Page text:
State Bank of Pakistan
The State Bank of Pakistan acts as the country’s central bank and thus has a vital role in financial regulation. Naturally, it also has all the obligations central banks usually do, along with the roles they fulfil. The unique thing about the State Bank of Pakistan is that it’s divided into much more sections than regular central banks. As such, it has multiple subsidiaries and branches that oversee different parts of the country. The Bank operates from Pakistan’s financial capital, the city of Karachi.
However, that doesn’t lessen its presence in other parts of the country, which are under its branches. The Bank has 16 offices in total, including one in the capital city of Pakistan, Islamabad. It also operates from all of the country’s four different provincial capitals. Furthermore, the entity has various subsidiaries that cover different parts of its obligations and functionality.
Perhaps the most important subsidiary was the operational branch we were talking about until now. Its name is SBP Banking Services Corporation (SBP-BSC), and it’s the one in charge of the 16 offices. However, there are many more subsidiaries that fulfill different roles.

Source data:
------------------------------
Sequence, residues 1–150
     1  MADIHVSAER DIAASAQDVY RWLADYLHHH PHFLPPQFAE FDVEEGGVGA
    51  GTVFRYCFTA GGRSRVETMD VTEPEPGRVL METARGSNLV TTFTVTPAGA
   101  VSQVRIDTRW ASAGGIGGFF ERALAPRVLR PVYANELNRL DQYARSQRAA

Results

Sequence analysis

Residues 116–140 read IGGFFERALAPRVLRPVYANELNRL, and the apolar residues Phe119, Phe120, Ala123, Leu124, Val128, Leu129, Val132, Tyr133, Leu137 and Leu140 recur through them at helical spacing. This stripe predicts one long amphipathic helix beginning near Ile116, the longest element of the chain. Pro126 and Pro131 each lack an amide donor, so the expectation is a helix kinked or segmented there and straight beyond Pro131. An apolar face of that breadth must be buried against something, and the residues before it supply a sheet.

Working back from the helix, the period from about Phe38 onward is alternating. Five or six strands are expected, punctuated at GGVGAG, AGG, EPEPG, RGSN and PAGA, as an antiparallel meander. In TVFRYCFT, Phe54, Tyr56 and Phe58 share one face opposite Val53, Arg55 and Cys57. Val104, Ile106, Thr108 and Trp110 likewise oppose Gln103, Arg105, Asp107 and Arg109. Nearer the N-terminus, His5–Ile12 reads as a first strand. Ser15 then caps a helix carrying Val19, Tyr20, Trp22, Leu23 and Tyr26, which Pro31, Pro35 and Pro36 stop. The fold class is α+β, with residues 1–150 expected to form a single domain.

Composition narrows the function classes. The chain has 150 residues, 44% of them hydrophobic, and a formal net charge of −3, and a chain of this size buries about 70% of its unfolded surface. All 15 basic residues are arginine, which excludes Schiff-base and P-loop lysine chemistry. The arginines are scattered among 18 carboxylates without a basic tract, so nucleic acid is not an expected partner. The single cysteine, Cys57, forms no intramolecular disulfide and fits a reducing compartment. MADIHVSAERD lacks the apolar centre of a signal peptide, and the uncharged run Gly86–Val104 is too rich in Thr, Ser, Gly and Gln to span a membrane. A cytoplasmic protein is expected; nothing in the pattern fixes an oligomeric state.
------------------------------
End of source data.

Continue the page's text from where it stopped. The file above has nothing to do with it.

National Institute of Banking and Finance (NIBAF) is the first one and it provides training to commercial banks in the country. It acts as a preemptive measure against any financial wrongdoing, thus increasing the country’s economic stability. Another similar entity is the Deposit Protection Corporation (DPC), which also guarantees financial fairness. The last major subsidiary is the Pakistan Security Printing Corporation (PSPC).
While we can go quite far back into the State Bank of Pakistan’s history but not a lot of it is relevant to its current state. It took the form that most resembles the one it has today during the 20th century and has remained somewhat unchanged. It was first founded due to the State Bank of Pakistan Order that came in 1948. Since then, it didn’t introduce any major changes for a significant period. The first major change since the State Bank of Pakistan was founded happened with The State Bank of Pakistan Act of 1956.
Even then, the functionality and obligations didn’t change much, and the document concerned the legal framework. However, one more important shift occurred on January 1, 1974, with the Bank’s nationalization. Since then, the scope of its operations increased by a significant margin and gave it a larger degree of autonomy. Naturally, there were changes since then, but none of them were as significant.
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